Start by limiting what you share with her and/or the time you spend with her, especially in your home. If she asks why, tell her. Do it gently, but firmly. Also, ignore any behavior that is upsetting or over the line. It may take a long time, but she will get the message. When she talks about how upset she gets about things like the kids growing up, give her a short answer like "I know" and change the topic. Keep changing it as needed. Once she realizes she cannot control you or your emotions, she should back off.

 

Kate

Expert:  Kate McCoy, M.Ed, NBCC, LPC replied 3 years ago.

I haven't heard from you. Did you have more questions or want clarification?

 

Kate

Customer: replied 3 years ago.

I guess I need confirmation that it is ok to set boundaries for myself and my family athough she has always been a big of our lives. Now that she is acting all werid I feel so awful that she gets on my nerves. I feel sorry for her that she is so lonely but we can't always be there to fill that void in her life. She just doesn't understand that even though we love her there is situations that are for my husband and kids. Not every part of my life has to involve her. Although I would love to share things with her like I used to could, I can't because she gets mad if she wasn't invited to every thing we do. So I try to hide things that I don't want to do with her. It embarrasses me when she gets mad in front of my friends or my husband family. I realize there maybe a medical condition here but she has been treated for depression even before her husband passed away. She always tells me about her "meltdowns" she has. I feel awful because I have gotten to where these meltdowns annoy me rather that feeling compassion for her. I just miss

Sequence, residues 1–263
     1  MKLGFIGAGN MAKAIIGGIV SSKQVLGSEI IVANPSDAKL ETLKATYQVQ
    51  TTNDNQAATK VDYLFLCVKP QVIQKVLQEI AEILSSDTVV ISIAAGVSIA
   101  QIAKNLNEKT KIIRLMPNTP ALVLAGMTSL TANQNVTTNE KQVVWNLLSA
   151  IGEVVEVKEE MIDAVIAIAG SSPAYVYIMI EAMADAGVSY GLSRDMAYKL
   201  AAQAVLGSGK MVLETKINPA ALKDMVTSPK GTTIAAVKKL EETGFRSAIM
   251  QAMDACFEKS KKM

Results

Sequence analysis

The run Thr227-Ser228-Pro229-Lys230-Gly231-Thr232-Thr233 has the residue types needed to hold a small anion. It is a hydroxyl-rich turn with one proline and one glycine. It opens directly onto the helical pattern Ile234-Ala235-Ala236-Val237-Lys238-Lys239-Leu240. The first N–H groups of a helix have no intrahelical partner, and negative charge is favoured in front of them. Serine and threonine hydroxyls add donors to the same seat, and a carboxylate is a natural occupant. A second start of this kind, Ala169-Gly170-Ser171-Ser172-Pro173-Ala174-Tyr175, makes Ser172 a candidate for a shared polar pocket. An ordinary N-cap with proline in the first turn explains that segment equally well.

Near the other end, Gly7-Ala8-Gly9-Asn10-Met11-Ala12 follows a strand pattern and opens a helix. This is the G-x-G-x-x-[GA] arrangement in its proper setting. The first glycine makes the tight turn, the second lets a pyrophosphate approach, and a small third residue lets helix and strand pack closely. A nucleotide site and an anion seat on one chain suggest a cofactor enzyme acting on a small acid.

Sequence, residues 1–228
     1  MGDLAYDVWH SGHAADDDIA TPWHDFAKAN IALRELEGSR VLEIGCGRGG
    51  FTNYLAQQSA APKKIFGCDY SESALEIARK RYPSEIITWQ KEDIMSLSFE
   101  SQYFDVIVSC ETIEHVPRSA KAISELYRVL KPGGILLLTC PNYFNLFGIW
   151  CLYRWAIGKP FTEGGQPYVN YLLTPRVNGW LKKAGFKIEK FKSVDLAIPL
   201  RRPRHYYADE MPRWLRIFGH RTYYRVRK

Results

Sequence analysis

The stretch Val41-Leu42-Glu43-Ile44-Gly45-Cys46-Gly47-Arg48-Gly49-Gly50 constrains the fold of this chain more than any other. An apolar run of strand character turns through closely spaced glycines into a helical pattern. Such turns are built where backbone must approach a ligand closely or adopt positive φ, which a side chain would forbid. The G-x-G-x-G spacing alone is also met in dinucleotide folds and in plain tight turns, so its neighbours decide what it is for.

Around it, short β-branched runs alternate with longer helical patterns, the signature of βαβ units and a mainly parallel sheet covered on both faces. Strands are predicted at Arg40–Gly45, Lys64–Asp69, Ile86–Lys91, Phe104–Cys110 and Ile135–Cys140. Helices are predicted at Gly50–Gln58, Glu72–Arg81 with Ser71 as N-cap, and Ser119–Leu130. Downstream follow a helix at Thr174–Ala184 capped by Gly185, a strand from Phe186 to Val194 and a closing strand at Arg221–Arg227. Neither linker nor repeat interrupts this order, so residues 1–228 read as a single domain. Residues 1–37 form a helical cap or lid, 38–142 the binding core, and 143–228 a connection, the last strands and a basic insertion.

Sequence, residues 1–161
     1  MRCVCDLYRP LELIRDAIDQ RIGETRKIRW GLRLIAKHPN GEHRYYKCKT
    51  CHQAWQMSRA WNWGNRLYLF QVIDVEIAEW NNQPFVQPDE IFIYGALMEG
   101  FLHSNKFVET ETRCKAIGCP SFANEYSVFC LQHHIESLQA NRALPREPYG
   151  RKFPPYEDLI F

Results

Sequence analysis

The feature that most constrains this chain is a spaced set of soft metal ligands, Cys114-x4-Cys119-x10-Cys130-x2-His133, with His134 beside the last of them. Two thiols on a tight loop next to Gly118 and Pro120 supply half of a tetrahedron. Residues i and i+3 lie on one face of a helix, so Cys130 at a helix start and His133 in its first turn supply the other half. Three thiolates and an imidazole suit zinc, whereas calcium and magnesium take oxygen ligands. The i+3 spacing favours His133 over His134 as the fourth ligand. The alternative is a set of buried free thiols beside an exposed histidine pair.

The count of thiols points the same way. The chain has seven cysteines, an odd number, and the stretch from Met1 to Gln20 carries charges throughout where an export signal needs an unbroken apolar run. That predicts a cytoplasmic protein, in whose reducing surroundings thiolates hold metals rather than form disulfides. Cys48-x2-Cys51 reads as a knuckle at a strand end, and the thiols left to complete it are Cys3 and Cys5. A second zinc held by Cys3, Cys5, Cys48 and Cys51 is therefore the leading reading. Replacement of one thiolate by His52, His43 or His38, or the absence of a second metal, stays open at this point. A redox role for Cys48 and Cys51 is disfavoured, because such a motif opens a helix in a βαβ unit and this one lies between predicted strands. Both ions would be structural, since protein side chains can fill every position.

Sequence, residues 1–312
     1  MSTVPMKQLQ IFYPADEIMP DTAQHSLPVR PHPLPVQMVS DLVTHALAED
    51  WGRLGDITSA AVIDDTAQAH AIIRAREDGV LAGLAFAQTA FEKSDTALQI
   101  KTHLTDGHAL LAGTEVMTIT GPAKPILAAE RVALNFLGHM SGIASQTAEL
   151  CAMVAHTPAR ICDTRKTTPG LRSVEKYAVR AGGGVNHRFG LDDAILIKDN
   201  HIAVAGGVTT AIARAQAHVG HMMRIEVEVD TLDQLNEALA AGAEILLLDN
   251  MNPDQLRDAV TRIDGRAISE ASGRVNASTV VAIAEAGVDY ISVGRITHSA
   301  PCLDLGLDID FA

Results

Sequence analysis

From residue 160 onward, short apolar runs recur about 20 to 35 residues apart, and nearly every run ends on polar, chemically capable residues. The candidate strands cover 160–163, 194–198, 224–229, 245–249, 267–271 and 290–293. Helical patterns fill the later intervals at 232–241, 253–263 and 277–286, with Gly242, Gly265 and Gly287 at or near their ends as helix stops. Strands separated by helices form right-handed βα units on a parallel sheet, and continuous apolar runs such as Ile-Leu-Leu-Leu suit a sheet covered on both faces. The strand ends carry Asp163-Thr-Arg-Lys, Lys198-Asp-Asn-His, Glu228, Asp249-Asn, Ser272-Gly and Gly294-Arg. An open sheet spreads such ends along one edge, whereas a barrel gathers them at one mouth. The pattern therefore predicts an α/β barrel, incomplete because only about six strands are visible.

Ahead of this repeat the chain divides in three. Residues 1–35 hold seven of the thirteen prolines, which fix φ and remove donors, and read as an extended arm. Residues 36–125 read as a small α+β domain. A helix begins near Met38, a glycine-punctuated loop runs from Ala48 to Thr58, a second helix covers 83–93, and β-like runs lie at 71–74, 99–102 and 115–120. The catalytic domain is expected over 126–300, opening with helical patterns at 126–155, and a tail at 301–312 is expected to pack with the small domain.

the sister she used to be....both our parents and bother passed away and we got thru all that together, she used to be my best friend. I guess I changed somewhere along the way too, 2 kids, full time job, my husband was involved in a major car accident, just trying to keep up with being a responsible parent and employer, death of family members, I don't know.....

Expert:  Kate McCoy, M.Ed, NBCC, LPC replied 3 years ago.

It is good for her if you do set boundaries because what she is doing to you and your family is not healthy for her, or you. She is using the guilt you feel to keep you responsible for her behavior, and you are not responsible for how someone else feels. She needs to take that responsibility herself.

 

She is using your compassion for her as a way to avoid what is really bothering her, which is being alone and not having the motivation to seek out new (and therefore risky) relationships. She is playing it safe and trying to push her way into your family, the safest option for her.

 

It is ok if you feel annoyed at her or guilty about hiding from her. Keep in mind though, it is her behavior that is causing these feelings for you. If she respected you as much as you respect her, you would not be having these problems.

 

Setting boundaries for her is the best thing you can do. It does not mean you have to be cruel, just firm. Remind her that you love her but she needs to develop her own life. Then stick to it and allow her to have meltdowns or whatever it takes to help her move on. She will be ok, it will just take time. Offer to help, but limit your involvement to suggesting new places or friends for her. If you do this, she will eventually move on and find that having her own life makes her feel better and is very rewarding. Then hopefully the sister you knew will come back.

 

Kate

Kate McCoy, M.Ed, NBCC, LPC, Therapist
Category: Mental Health
Satisfied Customers: 5470
Experience: Over 20 years experience specializing in anxiety, depression, drug and alcohol, and relationship issues.